Journal Article


Robert Coen
Suzanne Cahill
Ana Diaz-Ponce
Cathal Dominic Walsh



trinity college dublin health care sciences and services dementia nursing assessment health service executive informed consent nursing homes cognitive impairment

The Underdetection of Cognitive Impairment in Nursing Homes in the Dublin area: The Need for on-going Cognitive Assessment (2010)

Abstract Sampling of NHs: All general private and voluntary NHs belonging to the former Irish Health Service Executive East Coast Area (Dublin Mid-Leinster) were sampled. Three areas, namely 1, (Dun Laoire), 2 (Dublin South East) and 10 (Wicklow) which represent the former East Coast Eastern Regional Health Authority provided the sampling frame. Four of the 53 NHs were randomly selected. The chance of a NH being sampled was directly proportional to its size. Sampling of residents: The total capacity of the four NHs was 187 beds, and at the time of study, 174 beds were occupied. A sample of 100 residents was randomly drawn, 25 from each NH. Over-sampling occurred at each facility to allow for refusals (please see Appendix 1 in the supplementary data available on the journal website at http://www.ageing.oxfordjournals.org). Only 18 residents or their next of kin refused participation. The MMSE was administered to all 100 residents. Ethical considerations: Ethical approval was granted by Trinity College Dublin. Informed consent was obtained in all NHs, and proxy consent got for those residents known to lack capacity. Instruments: The MMSE was used to assess CI [14]. When used for screening purposes, a cut score of 23/24 is conventionally used for detection of significant impairment. In contrast when the intention is to classify CI severity as was the case in this study, Folstein et al. recommendations were followed, i.e. normal cognitive function = 27?30, mild CI (MCI) = 21?26, moderate CI = 11?20 and severe CI = 0?10. Residents who scored within the normal ranges (MMSE ? 27) were re-assessed using the Montreal Cognitive Assessment (MoCA). The MoCA test is a screening instrument for the detection of mild CI. It was developed to discriminate individuals between mild CI and normal cognitive function [15]. The MoCA test scores 0?30 points. Scores of 26 or above are considered normal. Where residents were classified on the MMSE as severely impaired (MMSE ? 10), a proxy appraisal (the Dementia Screening Scale, DSS) was completed [The DSS total score varies between 0 and 14 with higher scores indicating worse CI [8]]. Using a Likert scale (no impairment, mild, moderate and severe), Directors of Nursing (DONs) perception of resident's cognitive status was also assessed.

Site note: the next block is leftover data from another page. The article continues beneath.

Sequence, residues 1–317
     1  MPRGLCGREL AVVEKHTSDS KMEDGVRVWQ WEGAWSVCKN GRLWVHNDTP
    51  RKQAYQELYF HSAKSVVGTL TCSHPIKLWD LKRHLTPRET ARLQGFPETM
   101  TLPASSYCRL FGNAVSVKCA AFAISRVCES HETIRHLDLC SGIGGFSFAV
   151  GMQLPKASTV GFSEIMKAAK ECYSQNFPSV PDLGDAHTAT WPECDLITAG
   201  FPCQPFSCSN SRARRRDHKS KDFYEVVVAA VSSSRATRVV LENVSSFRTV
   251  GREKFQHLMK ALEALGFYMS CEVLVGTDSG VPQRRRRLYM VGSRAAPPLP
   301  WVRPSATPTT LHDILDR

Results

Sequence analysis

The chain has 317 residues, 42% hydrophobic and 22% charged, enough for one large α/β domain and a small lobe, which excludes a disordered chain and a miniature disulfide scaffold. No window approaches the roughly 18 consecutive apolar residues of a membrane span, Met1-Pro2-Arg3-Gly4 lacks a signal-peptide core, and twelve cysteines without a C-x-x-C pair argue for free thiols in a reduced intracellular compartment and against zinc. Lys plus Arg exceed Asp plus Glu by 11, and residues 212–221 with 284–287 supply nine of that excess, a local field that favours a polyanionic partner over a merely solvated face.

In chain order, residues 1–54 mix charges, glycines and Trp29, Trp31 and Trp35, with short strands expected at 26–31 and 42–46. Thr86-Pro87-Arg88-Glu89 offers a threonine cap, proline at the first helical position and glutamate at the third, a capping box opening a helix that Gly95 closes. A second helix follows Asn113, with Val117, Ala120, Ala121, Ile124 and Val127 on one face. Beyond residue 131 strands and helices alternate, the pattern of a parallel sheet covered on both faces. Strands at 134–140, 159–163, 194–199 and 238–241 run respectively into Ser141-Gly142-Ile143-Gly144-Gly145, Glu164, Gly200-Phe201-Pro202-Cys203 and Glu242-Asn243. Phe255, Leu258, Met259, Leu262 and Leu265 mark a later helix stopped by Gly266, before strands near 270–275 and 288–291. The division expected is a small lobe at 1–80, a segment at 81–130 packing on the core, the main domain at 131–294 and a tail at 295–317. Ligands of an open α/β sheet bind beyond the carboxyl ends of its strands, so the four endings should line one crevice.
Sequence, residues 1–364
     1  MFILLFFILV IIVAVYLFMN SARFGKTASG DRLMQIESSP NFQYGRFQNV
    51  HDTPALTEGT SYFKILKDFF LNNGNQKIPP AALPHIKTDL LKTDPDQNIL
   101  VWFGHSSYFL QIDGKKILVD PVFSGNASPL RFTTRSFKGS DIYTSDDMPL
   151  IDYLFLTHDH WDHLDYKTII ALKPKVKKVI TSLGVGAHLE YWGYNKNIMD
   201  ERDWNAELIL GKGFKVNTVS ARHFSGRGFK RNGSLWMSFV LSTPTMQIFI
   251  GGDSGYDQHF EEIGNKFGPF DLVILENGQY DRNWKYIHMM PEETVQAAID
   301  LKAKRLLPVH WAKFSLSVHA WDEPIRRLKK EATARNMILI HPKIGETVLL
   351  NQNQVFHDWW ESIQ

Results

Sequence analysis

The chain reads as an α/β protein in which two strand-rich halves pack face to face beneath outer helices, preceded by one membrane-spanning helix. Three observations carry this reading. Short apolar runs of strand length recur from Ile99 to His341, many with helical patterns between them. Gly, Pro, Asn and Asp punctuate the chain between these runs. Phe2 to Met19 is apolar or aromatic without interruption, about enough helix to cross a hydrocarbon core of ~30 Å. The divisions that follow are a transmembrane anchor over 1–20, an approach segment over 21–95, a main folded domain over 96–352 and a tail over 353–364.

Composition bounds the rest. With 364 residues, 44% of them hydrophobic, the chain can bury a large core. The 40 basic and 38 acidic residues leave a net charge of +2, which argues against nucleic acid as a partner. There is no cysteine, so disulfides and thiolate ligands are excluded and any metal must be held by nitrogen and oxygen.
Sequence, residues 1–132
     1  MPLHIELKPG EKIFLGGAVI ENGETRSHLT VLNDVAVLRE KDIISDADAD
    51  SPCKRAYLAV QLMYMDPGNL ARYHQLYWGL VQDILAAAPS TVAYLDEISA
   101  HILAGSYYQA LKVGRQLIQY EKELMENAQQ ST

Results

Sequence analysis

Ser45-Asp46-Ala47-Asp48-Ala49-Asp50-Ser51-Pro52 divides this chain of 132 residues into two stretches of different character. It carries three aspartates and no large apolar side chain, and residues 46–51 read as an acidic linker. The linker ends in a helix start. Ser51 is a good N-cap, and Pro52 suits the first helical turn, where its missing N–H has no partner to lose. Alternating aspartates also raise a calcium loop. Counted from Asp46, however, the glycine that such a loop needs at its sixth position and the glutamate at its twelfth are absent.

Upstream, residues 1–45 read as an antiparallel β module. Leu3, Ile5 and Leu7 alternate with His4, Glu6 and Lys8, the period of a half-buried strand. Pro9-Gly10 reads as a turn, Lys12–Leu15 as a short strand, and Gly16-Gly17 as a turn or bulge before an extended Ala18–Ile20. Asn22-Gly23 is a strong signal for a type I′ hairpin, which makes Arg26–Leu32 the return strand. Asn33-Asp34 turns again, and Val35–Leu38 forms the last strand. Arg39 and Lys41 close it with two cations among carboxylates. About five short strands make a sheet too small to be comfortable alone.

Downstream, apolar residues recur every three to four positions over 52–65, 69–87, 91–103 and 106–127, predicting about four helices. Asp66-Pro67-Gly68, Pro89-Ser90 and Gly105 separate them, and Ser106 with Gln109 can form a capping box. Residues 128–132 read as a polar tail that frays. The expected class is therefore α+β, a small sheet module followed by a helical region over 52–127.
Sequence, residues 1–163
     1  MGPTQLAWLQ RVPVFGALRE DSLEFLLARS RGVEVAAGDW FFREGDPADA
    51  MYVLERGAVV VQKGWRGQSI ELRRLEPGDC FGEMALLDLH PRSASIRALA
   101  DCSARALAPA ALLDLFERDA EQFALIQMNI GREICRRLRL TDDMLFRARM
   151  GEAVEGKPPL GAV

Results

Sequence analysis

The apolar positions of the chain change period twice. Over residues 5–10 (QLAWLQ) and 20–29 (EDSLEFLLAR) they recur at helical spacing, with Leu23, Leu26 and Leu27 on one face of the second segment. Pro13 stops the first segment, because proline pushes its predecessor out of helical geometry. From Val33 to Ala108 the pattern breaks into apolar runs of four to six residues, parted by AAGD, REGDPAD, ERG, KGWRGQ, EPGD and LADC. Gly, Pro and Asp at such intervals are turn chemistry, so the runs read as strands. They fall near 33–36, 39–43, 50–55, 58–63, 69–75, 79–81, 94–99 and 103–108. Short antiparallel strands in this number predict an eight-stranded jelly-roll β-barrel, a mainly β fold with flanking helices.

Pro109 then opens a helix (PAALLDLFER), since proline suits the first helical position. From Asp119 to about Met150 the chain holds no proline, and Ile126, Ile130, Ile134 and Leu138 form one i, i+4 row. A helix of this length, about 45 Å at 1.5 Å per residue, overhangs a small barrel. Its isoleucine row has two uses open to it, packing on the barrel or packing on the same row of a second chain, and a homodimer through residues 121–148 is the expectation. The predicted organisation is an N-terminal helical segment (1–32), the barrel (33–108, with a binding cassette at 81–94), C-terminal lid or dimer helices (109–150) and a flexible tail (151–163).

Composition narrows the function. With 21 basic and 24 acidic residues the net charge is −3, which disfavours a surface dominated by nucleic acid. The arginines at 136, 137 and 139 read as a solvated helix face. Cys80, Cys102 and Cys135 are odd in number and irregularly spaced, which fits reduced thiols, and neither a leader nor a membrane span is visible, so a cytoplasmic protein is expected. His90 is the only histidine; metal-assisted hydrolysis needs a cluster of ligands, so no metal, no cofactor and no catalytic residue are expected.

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Full list of authors on original publication

Robert Coen, Suzanne Cahill, Ana Diaz-Ponce, Cathal Dominic Walsh

Experts in our system

Robert F Coen
Trinity College Dublin
Total Publications: 35
Suzanne Cahill
Trinity College Dublin
Total Publications: 19
Cathal Walsh
University of Limerick
Total Publications: 109